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DiabloDec 18, 2020 7:00 pm CT

Itemization in Diablo Immortal will feel familiar, but has more depth than you might expect

We finally have some idea of how Diablo Immortal is going to play and I’m glad to report it’s still recognizably Diablo in its approach to itemization. You’ll see the standard approach of white Normal, blue Magic, yellow Rare, and orange Legendary items available in the upcoming mobile online multiplayer game. As you play, you’ll collect better gear and make yourself more powerful. It’s the standard Diablo experience.

But there are some differences this time around. Diablo Immortal isn’t trying to be Diablo 3 on your phone: the game has made changes to the itemization system to make for a more streamlined experience. And there’s one particularly major break from current Diablo gameplay: there will be no set items. The set bonuses you have really define how you play in Diablo 3, but in Immortal players will choose the Legendaries they want to play around with.

Here’s everything you need to know about how gear works in Diablo Immortal.

All of the stats on Diablo Immortal gear

Gear is divided into Primary Gear Slots and Secondary Gear Slots:

  • Primary Gear slots are the head, legs, torso, shoulders, weapons, and off-hand/secondary weapons
  • Secondary Gear Slots are the neck, waist, hands, feet, and ring

Legendary items will be restricted to the Primary Gear Slots, so the best you can wear is Rares in all your Secondary slots. Limiting the slots you can equip Legendaries somewhat mimics the way sets act in Diablo 3, but we’ll have to see how it plays out in practice to know whether it feels similar. The lack of sets and the pick-and-choose nature of gear may make Immortal less reliant on grinding out the perfect gear.

The stats on each item are broken into three categories:

  • Base Stats, which include Life, Damage, Armor, Armor Penetration, Offense Rating, Defense Rating, Potency, and Resilience. Not all pieces have all Base Stats, so you can specialize on getting really good in one area by stacking a stat or go for a more balanced build with general purpose mixture of them.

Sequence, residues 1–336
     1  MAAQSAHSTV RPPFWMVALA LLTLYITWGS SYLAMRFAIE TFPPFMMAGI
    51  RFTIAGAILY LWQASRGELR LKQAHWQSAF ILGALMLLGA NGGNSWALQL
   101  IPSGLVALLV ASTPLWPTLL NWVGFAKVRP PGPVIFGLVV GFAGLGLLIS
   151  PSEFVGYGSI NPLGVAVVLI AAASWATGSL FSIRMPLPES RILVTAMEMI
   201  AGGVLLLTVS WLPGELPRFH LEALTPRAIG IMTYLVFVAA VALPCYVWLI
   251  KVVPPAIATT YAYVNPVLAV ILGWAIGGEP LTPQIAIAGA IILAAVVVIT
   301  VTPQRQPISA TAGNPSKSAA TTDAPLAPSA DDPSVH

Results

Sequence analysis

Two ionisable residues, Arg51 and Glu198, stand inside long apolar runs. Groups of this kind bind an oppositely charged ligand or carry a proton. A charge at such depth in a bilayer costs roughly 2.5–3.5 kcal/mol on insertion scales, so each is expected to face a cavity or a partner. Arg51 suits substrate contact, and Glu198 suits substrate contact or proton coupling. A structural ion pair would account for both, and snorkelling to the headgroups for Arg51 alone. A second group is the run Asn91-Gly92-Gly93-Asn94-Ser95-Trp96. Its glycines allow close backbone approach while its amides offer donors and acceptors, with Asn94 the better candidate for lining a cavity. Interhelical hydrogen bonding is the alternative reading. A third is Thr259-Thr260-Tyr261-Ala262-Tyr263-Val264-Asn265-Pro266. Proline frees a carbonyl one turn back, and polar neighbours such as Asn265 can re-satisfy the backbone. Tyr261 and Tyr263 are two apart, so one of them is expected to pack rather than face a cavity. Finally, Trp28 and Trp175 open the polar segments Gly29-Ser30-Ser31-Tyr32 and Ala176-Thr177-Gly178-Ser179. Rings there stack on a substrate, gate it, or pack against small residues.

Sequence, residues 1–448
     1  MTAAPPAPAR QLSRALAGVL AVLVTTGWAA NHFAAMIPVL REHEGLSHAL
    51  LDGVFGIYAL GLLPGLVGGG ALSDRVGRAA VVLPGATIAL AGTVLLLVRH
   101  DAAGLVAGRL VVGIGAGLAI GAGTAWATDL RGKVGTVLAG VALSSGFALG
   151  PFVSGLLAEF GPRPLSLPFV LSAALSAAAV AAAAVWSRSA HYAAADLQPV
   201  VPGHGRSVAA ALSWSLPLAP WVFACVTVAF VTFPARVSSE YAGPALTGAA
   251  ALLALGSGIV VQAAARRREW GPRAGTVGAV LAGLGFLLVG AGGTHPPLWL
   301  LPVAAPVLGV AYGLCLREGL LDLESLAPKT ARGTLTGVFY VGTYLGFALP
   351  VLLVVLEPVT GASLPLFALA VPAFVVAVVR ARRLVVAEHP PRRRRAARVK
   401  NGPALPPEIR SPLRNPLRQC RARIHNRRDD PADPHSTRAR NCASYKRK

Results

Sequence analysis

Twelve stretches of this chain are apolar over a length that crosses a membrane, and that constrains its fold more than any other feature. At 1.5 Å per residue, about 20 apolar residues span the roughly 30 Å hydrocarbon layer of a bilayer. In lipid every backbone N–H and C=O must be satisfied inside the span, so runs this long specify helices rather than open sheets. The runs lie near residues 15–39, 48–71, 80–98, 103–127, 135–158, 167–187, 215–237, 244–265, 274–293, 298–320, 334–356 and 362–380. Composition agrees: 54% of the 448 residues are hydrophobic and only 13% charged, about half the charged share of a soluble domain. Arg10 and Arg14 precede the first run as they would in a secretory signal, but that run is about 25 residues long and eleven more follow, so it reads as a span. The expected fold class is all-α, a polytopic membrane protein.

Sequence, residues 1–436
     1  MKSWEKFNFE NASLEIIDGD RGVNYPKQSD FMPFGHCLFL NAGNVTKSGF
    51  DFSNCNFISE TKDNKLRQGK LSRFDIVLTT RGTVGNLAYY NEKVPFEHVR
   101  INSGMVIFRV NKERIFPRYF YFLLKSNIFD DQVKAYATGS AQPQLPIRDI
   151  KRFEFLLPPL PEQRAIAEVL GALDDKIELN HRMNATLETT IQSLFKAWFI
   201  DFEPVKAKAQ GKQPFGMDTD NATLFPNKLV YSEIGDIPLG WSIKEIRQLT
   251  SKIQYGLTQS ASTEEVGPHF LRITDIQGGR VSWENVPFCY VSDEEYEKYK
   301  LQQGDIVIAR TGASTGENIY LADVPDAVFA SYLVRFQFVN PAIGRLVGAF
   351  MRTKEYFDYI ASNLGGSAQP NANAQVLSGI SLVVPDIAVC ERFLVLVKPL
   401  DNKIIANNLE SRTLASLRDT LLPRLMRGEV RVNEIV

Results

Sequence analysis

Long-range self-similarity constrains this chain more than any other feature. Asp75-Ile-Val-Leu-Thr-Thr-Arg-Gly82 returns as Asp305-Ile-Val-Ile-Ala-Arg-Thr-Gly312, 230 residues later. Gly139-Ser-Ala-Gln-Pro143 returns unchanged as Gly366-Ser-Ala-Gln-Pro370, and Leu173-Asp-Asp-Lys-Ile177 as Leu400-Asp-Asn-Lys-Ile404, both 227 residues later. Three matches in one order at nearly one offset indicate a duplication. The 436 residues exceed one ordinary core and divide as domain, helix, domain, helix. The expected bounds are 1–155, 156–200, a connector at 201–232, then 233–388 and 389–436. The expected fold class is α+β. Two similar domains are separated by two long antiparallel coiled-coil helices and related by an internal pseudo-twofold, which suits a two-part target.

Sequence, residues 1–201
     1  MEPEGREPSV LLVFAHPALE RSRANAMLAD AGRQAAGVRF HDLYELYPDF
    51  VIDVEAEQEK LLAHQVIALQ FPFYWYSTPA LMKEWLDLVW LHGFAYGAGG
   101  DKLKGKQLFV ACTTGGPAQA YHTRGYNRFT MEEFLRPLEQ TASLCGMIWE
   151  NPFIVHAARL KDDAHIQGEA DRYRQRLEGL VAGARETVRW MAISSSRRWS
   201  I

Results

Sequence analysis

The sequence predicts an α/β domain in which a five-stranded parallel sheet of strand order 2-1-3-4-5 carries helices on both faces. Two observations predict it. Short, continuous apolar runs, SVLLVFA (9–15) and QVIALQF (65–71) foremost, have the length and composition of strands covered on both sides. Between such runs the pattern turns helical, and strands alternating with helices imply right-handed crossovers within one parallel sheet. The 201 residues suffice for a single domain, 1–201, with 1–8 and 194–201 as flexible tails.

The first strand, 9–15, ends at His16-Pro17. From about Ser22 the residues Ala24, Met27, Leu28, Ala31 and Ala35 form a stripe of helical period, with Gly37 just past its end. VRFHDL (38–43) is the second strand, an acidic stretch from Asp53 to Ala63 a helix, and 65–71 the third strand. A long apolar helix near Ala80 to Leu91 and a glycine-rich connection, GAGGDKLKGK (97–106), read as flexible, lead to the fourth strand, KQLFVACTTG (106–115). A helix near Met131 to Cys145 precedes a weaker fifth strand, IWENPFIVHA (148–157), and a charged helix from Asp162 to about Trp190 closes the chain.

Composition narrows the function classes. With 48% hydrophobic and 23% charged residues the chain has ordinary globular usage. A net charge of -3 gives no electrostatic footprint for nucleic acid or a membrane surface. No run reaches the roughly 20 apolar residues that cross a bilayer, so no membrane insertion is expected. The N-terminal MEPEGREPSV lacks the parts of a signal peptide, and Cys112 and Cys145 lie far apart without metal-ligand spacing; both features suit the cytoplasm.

• Attributes, which include Strength, Intelligence, Fortitude, Vitality, and Willpower. The Primary Attribute for Barbarian, Monk, and Demon Hunter is Strength, and the Primary Attribute for Wizard is Intelligence. Improving Primary Attributes increases damage, while other Attributes provide defensive bonuses.
  • Magic Attributes, which include such reliable favorites as Attack Speed or Cooldown Reduction to let you customize your playstyle even more effectively.

This is a longer list of stats than we have in Diablo 3 — and there’s no doubt that there will be many more Magic Attributes available. But none of this is a radical departure from what we’ve seen in other Diablo games. All of the gear you collect will offer some kind of improvement, and you’ll be able to fine-tune your gameplay based on the stats you focus on and the Attributes you add.

You can improve your gear with Ranks, Charms, and Reforging

One interesting new feature is the upgrade system: both Rare and Legendary quality items can be upgraded through crafting. Rare items can go from Rank 0 to Rank 5, while Legendary items can go up to Rank 20. Legendary items can also gain Bonus Attributes at ranks 6, 11, and 16, which are just what they sound like — your Legendary gets more Attributes. These Attributes come from a random pool of six possible options for that item, and if you get a dud you can reforge your item to go for the Attribute you’re looking for.

Like in other Diablo games, items can have sockets for gems, including powerful Legendary gems. But in addition to gems, there are now Charms that you can apply to gear. Charms directly upgrade your class skills, sort of like Skill Runes in Diablo 3, except they’re an item applied to gear. You can only equip one Charm at a time.

There’s a lot of depth to the system, and I’m a little concerned knowing that Reforging and Charms will be items that you can pick up for real money which could end up as a problem for players who can’t afford to buy a bunch of them. The Immortal team has said that the game won’t be pay-to-win, but depending on whether gameplay provides us enough resources to get charms, players may feel they need to resort to microtransactions. Even though we’re told that will be the case, as always, I’d like to see it in action before I made a judgement.

Regardless, I’m definitely interested in popping Diablo Immortal on my tablet as soon as it comes out somewhere I can play it so that I can find out for myself.

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